Christmas celebrations were by their very nature subdued in many parts of the North and the South. The year had seen a series of grim and bloody battles, with Shiloh, the Peninsula Campaign, the Seven Days battles, Second Manassas and the bloodiest day of all at Antietam.
The New York Times reported that Christmas 1862 was “the dampest, warmest, muggiest and most burdened with mingled feelings of joy and grief.” The unseasonably warm weather had made the Central Park Pond unsafe for skating, but had brought out crowds of Christmas shoppers.
“The money expended this year in Christmas gifts exceeds by far, by very far, that which has gone that way in many years,” the Times noted. Furs were a popular gift that year, and the streets echoed with the blare of tin horns, the latest craze among young boys.
In Washington, the Lincolns visited wounded soldiers in the area’s military hospitals. The recently concluded Battle of Fredericksburg had produced thousands of casualties, many of whom were transported to the 46 hospitals in the Washington area.
President Lincoln was visibly shaken by the outcome of the battle, and looked more sad and careworn than usual. He remarked to his friend Governor Andrew G. Curtin of Pennsylvania, “If there is a worse place than Hell, I am in it.”
It was reported that 6,000 pounds of poultry and “large quantities of other delicacies” were distributed to the hospitals for the Christmas dinners of the wounded. “Fish, flesh and fowl, puddings and pies, and these of all sorts,” one report said, “with plenty of cider.”
Meanwhile, Confederate President celebrated Christmas in his home in Mississippi. “After an absence of nearly two years,” he said, “I again find myself among those who…have ever been the trusted object of my affection.” But Confederate Christmas celebrations in the area were cut short by reports of Union troop movements on the Mississippi threatening Vicksburg.
In the fall of 1862, Confederate refugees from the fighting in the areas surrounding the capital began to flood into the city. They included those who fled farms and towns now in Union-held territory, wives of Confederate soldiers looking for employment, and the destitute.
This influx of refugees drove rent prices much higher than they’d been previously, and wartime inflation sent prices on everyday goods skyrocketing. In the city, ten pounds of bacon, which cost $1.25 in 1860, now cost $10. Four pounds of coffee jumped from $0.50 to $20.
Richmond diarist and author Sallie Brock Putnam wrote about the sadness of Christmas for families who had lost soldiers in the war:
The Christmas dinner passed off gloomily. The vacant chairs were multiplied in Southern homes, and even the children who had curiously questioned the cause of the absence of the young soldier brother from the festive board, had heard too much, had seen too much, and knew too well why sad-colored garments were worn by the mother, and why the fold of rusty crape placed around the worn hat of the father, and why the joyous mirth of the sister was restrained, and her beautiful figure draped in mourning. Congratulations were forced, and tears had taken the place of smiles on countenances where cheerfulness was wont to reign.
Christmas of 1862 saw an important cultural development with the emergence of the modern image of Santa Claus. Famed illustrator FOC Darley published an edition of Clement Clark Moore’s A Visit from St. Nicholas (‘Twas the Night Before Christmas) featuring drawings of Santa as a plump man with a pipe, furry coat and pointed hat.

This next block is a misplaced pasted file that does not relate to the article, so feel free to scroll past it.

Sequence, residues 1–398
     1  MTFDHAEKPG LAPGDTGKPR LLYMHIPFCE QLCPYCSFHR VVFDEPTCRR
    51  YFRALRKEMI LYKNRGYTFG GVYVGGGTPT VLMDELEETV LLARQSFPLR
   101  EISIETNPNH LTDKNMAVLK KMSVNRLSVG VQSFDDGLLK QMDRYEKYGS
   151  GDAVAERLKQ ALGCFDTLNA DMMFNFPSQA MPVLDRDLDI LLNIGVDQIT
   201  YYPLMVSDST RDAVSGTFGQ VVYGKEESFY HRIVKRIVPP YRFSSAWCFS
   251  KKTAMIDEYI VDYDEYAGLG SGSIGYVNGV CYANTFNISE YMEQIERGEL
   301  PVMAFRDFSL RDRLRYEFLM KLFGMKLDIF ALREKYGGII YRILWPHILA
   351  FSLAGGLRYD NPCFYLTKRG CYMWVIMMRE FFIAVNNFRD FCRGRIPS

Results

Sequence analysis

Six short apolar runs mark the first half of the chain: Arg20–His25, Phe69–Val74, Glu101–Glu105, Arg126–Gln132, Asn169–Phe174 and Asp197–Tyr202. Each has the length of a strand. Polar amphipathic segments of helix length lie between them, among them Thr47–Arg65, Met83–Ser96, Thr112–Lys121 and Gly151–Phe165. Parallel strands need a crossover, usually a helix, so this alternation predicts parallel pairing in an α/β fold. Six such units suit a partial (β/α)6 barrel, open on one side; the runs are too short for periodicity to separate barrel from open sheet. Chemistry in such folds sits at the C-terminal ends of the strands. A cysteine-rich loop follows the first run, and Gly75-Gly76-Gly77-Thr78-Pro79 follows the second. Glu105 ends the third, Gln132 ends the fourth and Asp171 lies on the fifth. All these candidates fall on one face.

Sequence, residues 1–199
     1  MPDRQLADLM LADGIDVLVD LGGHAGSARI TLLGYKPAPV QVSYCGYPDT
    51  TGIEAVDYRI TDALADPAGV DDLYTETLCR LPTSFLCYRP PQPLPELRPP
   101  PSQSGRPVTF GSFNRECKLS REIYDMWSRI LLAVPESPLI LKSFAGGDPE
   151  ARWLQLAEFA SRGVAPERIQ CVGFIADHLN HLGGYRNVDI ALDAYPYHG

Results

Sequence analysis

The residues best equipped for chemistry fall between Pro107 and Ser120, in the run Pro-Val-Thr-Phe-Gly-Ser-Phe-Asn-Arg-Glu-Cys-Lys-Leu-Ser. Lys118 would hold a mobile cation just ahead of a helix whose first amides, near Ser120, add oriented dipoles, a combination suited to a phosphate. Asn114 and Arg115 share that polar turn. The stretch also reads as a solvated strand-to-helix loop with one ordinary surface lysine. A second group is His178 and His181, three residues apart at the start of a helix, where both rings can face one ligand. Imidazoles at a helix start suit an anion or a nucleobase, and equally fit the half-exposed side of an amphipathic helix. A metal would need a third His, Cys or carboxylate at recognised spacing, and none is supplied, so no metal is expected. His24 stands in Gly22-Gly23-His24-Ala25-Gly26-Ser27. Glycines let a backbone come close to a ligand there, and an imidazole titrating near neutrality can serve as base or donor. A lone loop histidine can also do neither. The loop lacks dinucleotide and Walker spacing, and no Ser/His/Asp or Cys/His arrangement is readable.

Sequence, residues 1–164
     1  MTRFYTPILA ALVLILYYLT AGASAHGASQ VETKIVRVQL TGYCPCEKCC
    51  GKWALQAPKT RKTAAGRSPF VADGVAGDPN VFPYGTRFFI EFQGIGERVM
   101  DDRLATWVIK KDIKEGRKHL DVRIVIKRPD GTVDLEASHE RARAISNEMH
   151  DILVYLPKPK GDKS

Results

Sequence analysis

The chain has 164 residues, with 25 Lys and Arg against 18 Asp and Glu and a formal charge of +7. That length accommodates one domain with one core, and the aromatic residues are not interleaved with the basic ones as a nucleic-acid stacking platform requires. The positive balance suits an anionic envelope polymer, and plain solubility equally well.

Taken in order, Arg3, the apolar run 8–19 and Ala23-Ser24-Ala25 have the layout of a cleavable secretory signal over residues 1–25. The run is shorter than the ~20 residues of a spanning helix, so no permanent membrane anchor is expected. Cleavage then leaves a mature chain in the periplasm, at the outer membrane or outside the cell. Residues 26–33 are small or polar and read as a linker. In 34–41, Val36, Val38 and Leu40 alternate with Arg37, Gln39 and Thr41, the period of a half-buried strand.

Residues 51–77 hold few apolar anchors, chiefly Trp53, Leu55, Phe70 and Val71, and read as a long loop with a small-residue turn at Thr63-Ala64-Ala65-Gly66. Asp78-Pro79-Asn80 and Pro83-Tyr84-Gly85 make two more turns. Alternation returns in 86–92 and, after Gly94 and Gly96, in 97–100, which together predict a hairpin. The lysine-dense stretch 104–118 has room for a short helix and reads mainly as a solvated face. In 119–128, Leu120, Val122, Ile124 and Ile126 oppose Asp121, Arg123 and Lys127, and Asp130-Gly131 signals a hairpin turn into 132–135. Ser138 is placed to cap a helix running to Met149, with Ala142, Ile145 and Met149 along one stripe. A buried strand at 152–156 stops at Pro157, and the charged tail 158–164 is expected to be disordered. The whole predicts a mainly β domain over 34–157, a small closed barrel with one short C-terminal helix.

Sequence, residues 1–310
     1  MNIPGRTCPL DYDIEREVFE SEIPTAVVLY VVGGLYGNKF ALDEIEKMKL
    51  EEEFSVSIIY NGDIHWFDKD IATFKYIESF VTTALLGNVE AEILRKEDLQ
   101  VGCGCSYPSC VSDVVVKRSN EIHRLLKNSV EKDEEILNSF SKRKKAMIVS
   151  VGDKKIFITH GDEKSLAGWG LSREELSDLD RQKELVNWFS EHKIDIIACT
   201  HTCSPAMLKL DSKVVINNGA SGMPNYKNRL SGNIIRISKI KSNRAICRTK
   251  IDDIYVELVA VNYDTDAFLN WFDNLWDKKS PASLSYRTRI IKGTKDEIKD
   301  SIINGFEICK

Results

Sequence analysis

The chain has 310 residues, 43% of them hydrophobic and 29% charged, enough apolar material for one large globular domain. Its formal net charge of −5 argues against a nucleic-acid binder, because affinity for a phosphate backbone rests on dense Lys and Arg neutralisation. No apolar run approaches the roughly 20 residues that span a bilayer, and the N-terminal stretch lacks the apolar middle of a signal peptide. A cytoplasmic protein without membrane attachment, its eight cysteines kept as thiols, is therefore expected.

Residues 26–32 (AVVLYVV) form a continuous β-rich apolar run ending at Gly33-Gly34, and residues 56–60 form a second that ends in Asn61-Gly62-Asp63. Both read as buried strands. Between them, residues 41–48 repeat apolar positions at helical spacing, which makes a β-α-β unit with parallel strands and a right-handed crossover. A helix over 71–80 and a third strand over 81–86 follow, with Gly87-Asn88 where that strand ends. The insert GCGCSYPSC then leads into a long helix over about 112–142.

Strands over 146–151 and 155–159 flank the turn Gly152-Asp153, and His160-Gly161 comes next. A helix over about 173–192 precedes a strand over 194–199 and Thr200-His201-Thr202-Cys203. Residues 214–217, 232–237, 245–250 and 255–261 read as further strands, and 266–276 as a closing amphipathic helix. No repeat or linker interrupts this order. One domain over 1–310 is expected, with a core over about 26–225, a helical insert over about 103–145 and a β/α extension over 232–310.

Thomas Nast, who in the late 19th century produced what came to be regarded as the definitive representations of St. Nick, published his first Santa drawing in Harper’s Weekly, January 3, 1863. “Santa Claus in Camp“ showed a star-spangled Santa in his reindeer-drawn sleigh handing out presents to jubilant soldiers.
A reported 40,000 soldiers watched a baseball game at Hilton Head, S.C., between the 165th New York Zouave regiment and a picked team from other units. One of the players was Abraham Gilbert Mills, later president of the National League.
Across the South there were movements of troops. Confederate General John Hunt Morgan engaged in his famous Christmas Raid in Kentucky; on that single day, Morgan’s men destroyed everything they possibly could of the improvements that the Louisville & Nashville Railroad had made along 35 miles of track from Bacon Creek to Lebanon Junction.
Robert E. Lee wrote his wife, “What a cruel thing is war. To separate & destroy families & friends & mar the purest joy and happiness God has granted us in this world…. I pray that on this day when ‘peace & good will’ are preached to all mankind that better thoughts will fill the hearts of our enemies & turn them to peace.”
Meanwhile, along the Rappahannock River, the two armies faced each other, probing their opponent’s lines looking for weak spots and capturing prisoners and supplies. Soldiers in both armies did what soldiers normally do during the winter. They rested and refitted. They entertained themselves with games and tournaments. They exchanged supplies with their fellow Americans across the river.
“And so the day passed,” 18-year old Private John R. Paxton, 140th Pennsylvania wrote. “And we forgot the biting wind, the chilling cold; we forgot those men over there were our enemies, whom it might be our duty to shoot before evening. We had bridged the river, spanned the bloody chasm. We were brothers, not foes, waving salutations of good-will in the name of the Babe of Bethlehem, on Christmas Day in ‘62.” By the end of the war Paxton had risen through the ranks to the rank of Captain.